The state of Indiana knows how much it’s spending to lease property statewide -nearly $40 million a year. But it doesn’t know if that’s too much.
State contracts for third-party real estate services give government officials few safeguards to ensure they’re paying a fair price for office, laboratory and storage space outside of state-owned buildings, those in the industry say.
And state administrators have no control over seven-figure commissions paid to two Indianapolis real estate brokers in the past decade, even though those fees could boost rents above market rates. In fact, brokers don’t even tell the state what they’re paid.
That’s about to change, however.
Officials are soliciting proposals to replace the real estate contracts when they expire in November. The state’s request makes it clear the new administration expects more services from brokers and will wield more influence over how they’re paid.
It also is an example of Gov. Mitch Daniels directive that state government operate more efficiently, with a common strategy across agencies, said Kevin Ober, deputy commissioner for the Indiana Department of Administration.
“Real estate is one area in which we may not have been doing that as well as we could have in the past,” he said. The IDOA oversees most of the state’s real estate leases and land holdings.
Issued July 28, the state’s request for real estate proposals is intended to help the department meet its efficiency goals by seeking ideas from private-sector consultants, Ober said.
Real estate is no small business for the state, to be sure. Last year, Indiana paid $38.7 million to lease 2.8 million square feet of space, in nearly every county, including $16.9 million in Marion County alone. All told, the state has nearly 400 leases for everything from boat ramps at state reservoirs to office space in Indianapolis skyscrapers.
That’s a lot of work for the lone employee in the administration department’s real estate leasing division, who may also be called upon to negotiate new deals and renewals. So when a property lease promises to be especially complex, outside brokers are called in to help.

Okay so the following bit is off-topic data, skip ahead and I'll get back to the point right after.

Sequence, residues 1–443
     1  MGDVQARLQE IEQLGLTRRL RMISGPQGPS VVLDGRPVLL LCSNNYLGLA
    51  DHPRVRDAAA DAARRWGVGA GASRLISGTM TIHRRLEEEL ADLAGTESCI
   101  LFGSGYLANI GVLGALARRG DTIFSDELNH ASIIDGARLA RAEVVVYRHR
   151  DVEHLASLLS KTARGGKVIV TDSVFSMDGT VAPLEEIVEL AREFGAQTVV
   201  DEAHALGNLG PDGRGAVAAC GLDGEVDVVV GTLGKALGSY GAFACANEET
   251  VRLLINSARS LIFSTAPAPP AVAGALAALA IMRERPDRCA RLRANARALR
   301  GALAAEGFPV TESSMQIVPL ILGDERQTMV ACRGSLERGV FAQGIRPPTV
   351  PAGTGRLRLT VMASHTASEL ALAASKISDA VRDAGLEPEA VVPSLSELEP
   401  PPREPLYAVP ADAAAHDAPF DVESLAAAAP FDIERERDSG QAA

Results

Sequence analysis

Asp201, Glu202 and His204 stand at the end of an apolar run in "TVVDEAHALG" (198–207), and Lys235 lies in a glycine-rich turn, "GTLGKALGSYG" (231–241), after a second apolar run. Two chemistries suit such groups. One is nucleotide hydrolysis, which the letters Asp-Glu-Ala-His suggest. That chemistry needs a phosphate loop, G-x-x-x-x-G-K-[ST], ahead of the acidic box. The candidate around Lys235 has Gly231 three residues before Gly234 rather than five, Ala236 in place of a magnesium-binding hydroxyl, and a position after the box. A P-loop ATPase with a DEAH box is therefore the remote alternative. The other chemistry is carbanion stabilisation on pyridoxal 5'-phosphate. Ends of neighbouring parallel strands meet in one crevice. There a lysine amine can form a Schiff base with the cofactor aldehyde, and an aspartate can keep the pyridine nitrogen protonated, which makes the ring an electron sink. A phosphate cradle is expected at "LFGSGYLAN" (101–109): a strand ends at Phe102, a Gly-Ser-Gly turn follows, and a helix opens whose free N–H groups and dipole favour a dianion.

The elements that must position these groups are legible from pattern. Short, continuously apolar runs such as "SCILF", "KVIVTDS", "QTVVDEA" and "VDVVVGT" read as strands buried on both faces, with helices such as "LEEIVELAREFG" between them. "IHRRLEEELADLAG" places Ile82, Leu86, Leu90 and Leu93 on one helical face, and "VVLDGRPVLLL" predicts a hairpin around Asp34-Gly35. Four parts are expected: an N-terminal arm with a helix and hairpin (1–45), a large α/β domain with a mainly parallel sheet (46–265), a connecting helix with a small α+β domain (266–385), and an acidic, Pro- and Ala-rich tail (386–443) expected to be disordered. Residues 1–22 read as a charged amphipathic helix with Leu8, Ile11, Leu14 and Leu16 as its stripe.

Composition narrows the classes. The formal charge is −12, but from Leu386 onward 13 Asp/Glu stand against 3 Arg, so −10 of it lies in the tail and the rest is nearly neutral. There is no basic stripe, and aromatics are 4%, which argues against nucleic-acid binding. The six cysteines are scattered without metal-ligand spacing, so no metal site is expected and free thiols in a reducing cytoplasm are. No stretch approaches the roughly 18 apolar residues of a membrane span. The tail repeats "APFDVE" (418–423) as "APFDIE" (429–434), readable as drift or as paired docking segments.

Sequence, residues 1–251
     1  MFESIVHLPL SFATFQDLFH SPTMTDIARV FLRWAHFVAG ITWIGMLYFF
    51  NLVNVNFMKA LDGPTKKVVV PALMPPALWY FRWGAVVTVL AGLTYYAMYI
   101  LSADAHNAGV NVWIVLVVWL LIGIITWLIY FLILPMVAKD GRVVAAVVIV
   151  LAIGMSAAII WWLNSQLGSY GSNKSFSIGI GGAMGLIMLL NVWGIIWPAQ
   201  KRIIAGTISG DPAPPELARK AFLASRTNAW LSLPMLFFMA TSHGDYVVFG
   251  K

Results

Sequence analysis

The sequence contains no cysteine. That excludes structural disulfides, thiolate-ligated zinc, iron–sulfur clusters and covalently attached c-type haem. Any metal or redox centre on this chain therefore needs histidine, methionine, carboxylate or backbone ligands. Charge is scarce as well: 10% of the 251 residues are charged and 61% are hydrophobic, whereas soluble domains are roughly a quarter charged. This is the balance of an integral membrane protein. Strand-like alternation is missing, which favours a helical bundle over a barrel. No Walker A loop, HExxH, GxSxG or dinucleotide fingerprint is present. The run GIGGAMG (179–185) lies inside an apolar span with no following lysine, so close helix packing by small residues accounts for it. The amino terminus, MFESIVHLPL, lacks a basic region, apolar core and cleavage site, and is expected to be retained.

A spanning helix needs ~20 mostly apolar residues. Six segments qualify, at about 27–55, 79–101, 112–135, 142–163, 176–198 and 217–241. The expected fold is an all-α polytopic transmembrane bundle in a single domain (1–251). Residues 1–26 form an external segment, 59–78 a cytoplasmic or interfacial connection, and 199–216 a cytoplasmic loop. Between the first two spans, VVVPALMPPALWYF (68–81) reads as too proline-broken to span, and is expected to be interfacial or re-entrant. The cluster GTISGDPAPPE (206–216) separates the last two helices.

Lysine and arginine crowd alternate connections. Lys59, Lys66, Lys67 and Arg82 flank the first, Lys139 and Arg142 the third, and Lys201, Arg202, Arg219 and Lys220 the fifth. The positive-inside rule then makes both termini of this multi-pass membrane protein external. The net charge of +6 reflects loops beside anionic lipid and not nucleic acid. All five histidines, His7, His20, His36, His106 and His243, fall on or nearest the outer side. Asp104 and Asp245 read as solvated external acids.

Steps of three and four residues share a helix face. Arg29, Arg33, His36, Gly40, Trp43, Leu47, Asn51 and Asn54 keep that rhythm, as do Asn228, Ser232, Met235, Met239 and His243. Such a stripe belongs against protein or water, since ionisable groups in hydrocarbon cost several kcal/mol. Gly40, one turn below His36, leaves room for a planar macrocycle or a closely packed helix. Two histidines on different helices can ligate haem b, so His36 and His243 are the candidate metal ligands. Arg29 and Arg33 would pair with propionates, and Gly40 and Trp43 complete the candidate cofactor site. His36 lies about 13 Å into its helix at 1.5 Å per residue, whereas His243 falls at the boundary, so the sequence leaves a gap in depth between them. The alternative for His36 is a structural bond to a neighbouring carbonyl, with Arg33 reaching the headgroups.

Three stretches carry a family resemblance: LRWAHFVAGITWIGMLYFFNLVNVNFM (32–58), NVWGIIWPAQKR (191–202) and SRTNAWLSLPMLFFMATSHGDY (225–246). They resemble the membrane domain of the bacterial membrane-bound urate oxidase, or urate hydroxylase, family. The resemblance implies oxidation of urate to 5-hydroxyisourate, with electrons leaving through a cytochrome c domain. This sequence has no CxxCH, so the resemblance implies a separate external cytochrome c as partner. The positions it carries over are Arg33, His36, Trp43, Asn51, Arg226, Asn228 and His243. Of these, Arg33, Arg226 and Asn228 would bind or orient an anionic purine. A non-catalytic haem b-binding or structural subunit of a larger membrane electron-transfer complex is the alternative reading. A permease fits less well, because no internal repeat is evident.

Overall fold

Indianapolis commercial real estate veterans Gus Miller and R.J. Rudolph have negotiated 23 leases on behalf of Indiana government since 1999, when their firms-NAI Olympia Partners and CB Richard Ellis, respectively-won the contracts.
Since then, they’ve handled some of the state’s biggest and most expensive leases, including relocation and expansion of the state departments of health and education, consolidation of Family and Social Services Administration offices in Gary, and construction of a new motor pool on McCarty Street and a manufacturing/distribution facility on the grounds of the state penitentiary in Plainfield.
But the way those contracts are structured raises questions about whether the state has adequate control over the deals the brokers handle. Under the terms of their contracts with the state, the two essentially operate as free agents, negotiating compensation directly with landlords-some of whom they also represent.
In those five big deals alone, the two brokers split more than $3 million in commissions, assuming they were paid the industry standard of 4 percent. Miller would not disclose the pair’s fees, but Rudolph said compensation never exceeded the standard percentage.
The point is, state officials and taxpayers will never know.
What is ‘fair’?
Their contracts offer only a two-sentence guideline for how the brokers are paid: “In all instances, contractor shall look to the landlord for compensation,” the agreements read. “Compensation may not cause the rent or purchase price to exceed fair market value.”
But the contracts offer no criteria for determining that value. Nor do they set a cap on fees or require the brokers to disclose how much they are paid. And they don’t prohibit Miller and Rudolph from representing both the state and the landlord as long as both parties are aware of the relationship. That practice typically boosts commissions to about 6 percent.
The result, several other real estate professionals said, is the brokers have little incentive to get the best deal for taxpayers.
In some cases, rents paid by the state on leases Miller and Rudolph brokered have raised eyebrows. For instance, FSSA pays nearly $19 per square foot per year for 90,000 square feet in Gary, a market where office rents rarely exceed $11 per square foot.
And many of the leases Miller and Rudolph worked on are in effect for 10 years, even though the state’s leasing handbook calls for four-year leases unless the IDOA commissioner approves a longer term. Commissions on a 10-year lease are two-and-a-half times as much as a four-year lease.
Miller nevertheless defended the practice, saying the state’s annual costs in each case were lower for a 10-year lease than a fouryear lease. And in three cases-the FSSA consolidation in Gary, the Plainfield facility and the state motor pool-landlords built new facilities for the state and wouldn’t consider shorter-term leases, he said.